Matshela Koko
JOHANNESBURG - Suspended Eskom executive Matshela Koko is fiercely fighting efforts to remove him from the power utility and, in a letter to Eskom, has pushed back on a demand by Eskom’s funders that he should leave the company.

Eskom on Wednesday suspended Koko with immediate effect, pending an investigation of new charges against him.

Eskom spokesperson Khulu Phasiwe yesterday declined to reveal the specific charges that Koko was facing, except to say that these related to “lapses in corporate governance.”

He said the power utility decided to institute the charges against Koko “because new information emerged.”

Business Report understands that the charges that Koko is facing relate to, among others, lying in Parliament during his appearance before the portfolio committee on public enterprises inquiry into corruption and state capture, not disclosing that the Gupta family had paid for his trip to Dubai as well as leaking documents to the Gupta family.

Phasiwe said there was no witch hunt against Koko. “Mr Koko will get a fair hearing. He will get an opportunity to defend himself,” he said. Koko took to Twitter on Wednesday to confirm his suspension. At the same time, he also vowed to clear his name.

In a letter to Eskom, Koko’s lawyers accused Eskom’s lenders of heavy handedness for demanding his removal as a precondition for funding the utility. The lawyers said the demand was an unlawful attack on Koko’s constitutional right to fair labour practices.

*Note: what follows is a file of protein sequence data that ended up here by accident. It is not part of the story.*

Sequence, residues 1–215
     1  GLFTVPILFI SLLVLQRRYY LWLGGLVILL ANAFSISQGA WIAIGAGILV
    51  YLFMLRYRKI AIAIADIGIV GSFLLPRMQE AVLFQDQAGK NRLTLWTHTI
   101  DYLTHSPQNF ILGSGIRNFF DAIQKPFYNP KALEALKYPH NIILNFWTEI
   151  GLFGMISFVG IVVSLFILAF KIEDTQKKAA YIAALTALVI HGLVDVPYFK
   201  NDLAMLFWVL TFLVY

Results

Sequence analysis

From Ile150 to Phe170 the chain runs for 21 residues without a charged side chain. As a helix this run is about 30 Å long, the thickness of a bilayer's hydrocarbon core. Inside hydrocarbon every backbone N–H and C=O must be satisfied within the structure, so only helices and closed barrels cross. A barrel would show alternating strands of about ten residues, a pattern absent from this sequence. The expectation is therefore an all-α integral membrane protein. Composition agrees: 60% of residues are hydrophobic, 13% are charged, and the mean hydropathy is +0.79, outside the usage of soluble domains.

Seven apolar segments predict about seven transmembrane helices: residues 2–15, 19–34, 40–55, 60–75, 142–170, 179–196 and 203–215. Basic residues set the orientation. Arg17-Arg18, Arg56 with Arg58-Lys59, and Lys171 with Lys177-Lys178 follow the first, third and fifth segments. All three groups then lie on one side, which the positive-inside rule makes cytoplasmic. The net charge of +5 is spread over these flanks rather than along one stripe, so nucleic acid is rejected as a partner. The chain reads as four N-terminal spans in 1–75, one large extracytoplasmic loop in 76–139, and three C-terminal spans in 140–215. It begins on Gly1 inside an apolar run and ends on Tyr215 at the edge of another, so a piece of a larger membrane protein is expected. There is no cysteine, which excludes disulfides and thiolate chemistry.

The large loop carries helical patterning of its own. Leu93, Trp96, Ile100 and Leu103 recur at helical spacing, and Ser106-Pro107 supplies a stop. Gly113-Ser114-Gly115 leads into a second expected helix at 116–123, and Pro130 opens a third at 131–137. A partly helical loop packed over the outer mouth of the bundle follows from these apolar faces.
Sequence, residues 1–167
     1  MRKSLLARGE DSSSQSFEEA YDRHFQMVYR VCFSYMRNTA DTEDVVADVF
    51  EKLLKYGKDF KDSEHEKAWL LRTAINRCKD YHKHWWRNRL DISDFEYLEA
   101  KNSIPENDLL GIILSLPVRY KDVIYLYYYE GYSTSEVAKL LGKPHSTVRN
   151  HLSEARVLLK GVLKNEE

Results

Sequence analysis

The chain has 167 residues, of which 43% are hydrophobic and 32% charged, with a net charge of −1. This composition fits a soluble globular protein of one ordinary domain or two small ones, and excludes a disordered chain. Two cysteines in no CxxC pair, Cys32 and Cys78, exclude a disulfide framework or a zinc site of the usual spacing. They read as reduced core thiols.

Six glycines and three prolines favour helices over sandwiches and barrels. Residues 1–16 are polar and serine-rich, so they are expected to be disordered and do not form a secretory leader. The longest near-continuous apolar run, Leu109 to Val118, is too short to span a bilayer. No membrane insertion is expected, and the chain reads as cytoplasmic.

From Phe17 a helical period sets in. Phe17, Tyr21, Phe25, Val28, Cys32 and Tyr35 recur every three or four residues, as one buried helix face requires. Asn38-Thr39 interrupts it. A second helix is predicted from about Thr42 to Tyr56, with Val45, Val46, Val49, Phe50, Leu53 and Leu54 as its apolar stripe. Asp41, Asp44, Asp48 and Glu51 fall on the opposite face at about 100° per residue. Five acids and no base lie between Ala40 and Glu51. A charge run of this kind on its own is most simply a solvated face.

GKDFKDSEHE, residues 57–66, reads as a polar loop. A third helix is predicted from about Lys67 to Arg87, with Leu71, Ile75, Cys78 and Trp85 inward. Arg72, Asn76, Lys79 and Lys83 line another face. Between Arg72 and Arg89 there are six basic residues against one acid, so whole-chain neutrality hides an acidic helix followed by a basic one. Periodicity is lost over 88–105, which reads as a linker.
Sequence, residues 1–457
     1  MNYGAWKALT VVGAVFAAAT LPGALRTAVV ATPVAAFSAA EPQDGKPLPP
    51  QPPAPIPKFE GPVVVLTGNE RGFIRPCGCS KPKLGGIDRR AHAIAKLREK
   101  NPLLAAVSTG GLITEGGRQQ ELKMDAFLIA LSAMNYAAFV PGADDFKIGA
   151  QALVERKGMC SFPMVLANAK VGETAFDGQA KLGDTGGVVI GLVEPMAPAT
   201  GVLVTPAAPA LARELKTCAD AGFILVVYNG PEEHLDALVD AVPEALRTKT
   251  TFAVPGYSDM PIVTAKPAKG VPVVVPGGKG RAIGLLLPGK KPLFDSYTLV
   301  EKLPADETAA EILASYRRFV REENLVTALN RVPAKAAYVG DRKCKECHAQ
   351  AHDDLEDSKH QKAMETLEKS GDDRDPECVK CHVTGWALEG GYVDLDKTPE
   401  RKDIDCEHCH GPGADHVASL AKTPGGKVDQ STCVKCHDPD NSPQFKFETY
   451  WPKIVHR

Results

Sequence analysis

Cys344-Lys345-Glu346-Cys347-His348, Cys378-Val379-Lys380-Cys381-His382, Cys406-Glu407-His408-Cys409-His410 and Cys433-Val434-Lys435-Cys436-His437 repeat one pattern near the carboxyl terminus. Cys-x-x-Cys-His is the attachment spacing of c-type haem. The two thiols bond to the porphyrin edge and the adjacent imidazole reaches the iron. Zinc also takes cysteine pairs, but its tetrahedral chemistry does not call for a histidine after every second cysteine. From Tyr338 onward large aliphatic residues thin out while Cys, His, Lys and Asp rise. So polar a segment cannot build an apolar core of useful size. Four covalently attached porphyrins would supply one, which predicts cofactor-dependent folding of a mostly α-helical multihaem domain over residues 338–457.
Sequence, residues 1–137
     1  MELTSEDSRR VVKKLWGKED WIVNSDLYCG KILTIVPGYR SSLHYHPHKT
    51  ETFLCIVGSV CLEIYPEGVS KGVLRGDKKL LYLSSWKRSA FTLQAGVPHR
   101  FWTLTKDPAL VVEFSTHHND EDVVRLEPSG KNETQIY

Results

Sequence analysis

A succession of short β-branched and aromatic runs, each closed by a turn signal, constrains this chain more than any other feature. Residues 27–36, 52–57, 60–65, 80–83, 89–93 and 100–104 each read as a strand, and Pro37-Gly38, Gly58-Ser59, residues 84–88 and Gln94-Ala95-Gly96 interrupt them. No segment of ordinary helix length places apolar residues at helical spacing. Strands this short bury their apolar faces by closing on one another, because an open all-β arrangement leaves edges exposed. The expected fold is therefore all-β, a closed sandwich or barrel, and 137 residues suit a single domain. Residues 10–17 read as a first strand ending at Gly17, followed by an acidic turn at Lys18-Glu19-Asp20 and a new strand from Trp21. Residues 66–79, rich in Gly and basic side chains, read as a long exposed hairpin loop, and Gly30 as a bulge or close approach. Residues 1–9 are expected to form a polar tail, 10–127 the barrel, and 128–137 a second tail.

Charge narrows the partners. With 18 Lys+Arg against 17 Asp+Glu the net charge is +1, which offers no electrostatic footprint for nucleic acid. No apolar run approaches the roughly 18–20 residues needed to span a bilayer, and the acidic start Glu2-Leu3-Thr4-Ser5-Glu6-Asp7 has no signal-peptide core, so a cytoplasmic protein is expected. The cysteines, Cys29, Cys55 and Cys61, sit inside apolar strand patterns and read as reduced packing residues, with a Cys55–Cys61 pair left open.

“Our client fully expects and demands that Eskom will point this out to the investors in the ongoing negotiations with them to secure continued investment for Eskom,” the letter said.

It said the investors’ demands were premature in light of the ongoing parliamentary probe and the commission of inquiry into state capture.

Phasiwe said there were about 160 cases of contracts worth R1billion that Eskom was investigating.

Koko on Friday last week successfully blocked Eskom from suspending him.

The Labour Court threw Koko a lifeline when it issued an interim order restraining Eskom from firing Koko.

This followed a meeting on Thursday last week between Koko and interim group chief executive Phakamani Hadebe at which Hadebe reportedly ordered Koko to resign within 25 hours or be fired.

The new Eskom board, under the leadership of Jabu Mabuza, has been talking tough on corruption and mismanagement.

A number of Eskom executives, including former chief financial officer Anoj Singh and former acting head of group capital Prish Govender, jumped ship last week.

Speaking at the release of Eskom’s interim results for the six months ended September 30, Hadebe encouraged whistle blowing at the power utility.

“The staff members, irrespective of their level in the institution, are given the space to raise their hand ‘so and so can’t be in the exco team because he or she lacks credibility.’ That is the kind of culture that we want to build."